I swear, since seeing Your face,

the whole world is fraud and fantasy

The garden is bewildered as to what is leaf

or blossom. The distracted birds

can’t distinguish the birdseed from the snare.

A house of love with no limits,

a presence more beautiful than venus or the moon,

a beauty whose image fills the mirror of the heart.

The Divani Shamsi Tabriz XV

I have had a hard time translating this poem as anything but a pure direct love poem addressed to someone in particular. The descriptions he uses are so in line as to what it may feel like when someone falls deeply in love with someone for the first time, that it is hard to think of it as anything else. So unsurprisingly, the theme of the poem is exactly that- love.

Starting the poem off by stating, “I swear” proves his seriousness on the topic. I have often heard it said that when one falls in love, the way one views the world completely changes. And that can also be said in respect to this poem. Rumi is definitely confused. A better way to phrase it may be that he is perplexed, he is perplexed by this feeling to a point where he has lost power of reasoning. He is so blinded by the beauty of this situation, he can no longer keep a firm grasp on reality and he states, and so he states, can’t the world around him. The way he views reality seems to have changed in a way beyond his understanding. He tries to compare the beauty to an object, and ultimately, he can come up with nothing. He inevitably states that it is a beauty far too great to be compared to anything in particular. A truly beautiful love poem indeed.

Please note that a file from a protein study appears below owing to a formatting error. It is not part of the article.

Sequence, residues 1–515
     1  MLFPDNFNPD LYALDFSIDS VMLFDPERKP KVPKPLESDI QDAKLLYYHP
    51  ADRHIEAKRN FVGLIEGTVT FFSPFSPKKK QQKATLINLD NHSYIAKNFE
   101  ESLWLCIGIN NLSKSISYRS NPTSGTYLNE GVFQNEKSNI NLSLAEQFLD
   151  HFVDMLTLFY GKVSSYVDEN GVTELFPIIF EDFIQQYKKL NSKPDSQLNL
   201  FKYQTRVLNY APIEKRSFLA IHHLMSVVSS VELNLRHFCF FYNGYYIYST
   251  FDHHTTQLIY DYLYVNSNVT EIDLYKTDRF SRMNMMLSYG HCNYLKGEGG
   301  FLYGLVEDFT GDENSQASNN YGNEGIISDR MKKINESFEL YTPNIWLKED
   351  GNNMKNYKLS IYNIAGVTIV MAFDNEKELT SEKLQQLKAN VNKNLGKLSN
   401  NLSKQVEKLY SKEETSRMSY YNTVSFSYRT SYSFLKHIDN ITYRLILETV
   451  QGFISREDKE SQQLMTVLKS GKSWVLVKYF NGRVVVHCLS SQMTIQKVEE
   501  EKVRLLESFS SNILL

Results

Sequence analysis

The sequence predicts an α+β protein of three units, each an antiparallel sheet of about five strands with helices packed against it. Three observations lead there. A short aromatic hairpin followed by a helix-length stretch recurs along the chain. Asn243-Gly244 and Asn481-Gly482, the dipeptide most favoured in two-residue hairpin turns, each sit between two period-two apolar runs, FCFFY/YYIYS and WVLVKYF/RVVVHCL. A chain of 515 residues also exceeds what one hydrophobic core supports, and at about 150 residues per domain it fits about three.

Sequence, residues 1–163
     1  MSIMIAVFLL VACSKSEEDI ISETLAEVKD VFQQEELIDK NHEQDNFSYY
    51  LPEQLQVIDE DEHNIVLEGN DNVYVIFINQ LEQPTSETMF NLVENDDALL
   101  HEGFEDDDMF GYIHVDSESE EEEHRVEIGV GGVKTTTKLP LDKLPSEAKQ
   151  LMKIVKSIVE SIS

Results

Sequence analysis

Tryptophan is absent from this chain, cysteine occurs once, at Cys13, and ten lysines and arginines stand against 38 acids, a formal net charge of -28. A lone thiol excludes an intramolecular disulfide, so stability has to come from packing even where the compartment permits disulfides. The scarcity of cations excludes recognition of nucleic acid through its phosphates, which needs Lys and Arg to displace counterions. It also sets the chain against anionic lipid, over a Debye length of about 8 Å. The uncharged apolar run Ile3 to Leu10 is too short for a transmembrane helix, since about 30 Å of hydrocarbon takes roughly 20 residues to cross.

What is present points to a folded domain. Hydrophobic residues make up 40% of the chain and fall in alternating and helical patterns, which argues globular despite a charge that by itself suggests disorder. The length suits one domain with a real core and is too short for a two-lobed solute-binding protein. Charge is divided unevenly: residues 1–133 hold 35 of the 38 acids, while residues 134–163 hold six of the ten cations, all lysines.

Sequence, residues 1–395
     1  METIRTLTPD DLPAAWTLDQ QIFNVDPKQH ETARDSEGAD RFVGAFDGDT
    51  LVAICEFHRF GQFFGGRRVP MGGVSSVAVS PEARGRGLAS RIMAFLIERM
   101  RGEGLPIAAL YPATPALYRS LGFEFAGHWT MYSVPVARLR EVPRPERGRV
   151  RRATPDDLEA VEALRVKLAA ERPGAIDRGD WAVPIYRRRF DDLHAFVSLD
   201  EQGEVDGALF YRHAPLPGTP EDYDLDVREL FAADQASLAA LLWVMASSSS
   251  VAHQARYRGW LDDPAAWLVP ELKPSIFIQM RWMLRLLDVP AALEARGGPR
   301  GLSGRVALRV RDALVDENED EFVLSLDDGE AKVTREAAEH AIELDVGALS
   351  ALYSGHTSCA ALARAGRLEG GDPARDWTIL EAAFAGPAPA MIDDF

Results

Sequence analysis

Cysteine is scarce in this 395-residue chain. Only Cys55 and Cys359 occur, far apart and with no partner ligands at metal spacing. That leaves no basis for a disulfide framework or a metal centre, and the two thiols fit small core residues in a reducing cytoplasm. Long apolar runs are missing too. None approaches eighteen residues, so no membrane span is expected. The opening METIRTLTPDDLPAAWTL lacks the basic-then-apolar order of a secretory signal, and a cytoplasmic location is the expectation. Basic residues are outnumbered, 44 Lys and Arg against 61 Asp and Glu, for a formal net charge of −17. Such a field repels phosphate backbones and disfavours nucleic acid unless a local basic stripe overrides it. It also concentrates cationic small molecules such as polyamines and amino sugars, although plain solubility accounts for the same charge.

Part 2-

Honestly, I have no idea how to mimic Rumi’s style for a poem. So the poem that follows is a response and somewhat of an analysis to the one above. While borrowing themes about love from his poem, it also addresses some of the lines he mentioned in his own poem and looks into them in a bit more detail in depth. The poem also poses several questions to Rumi, and the readers of his poems, that in my opinion, every romanticist has faced.

Life without love,

Life without fantasy,

Hard to behold,

Isn’t it a mystery?

The world may indeed be fraud,

but is it because of love or because you are a romanticist?

we require the world to be broken to a degree

to see the beauty hidden in it’s trees,

Beauty hard to behold? True indeed

For where be the moon, and where be the stars?

all goes dark for a life without love.


– Raving Ranter





One final time…..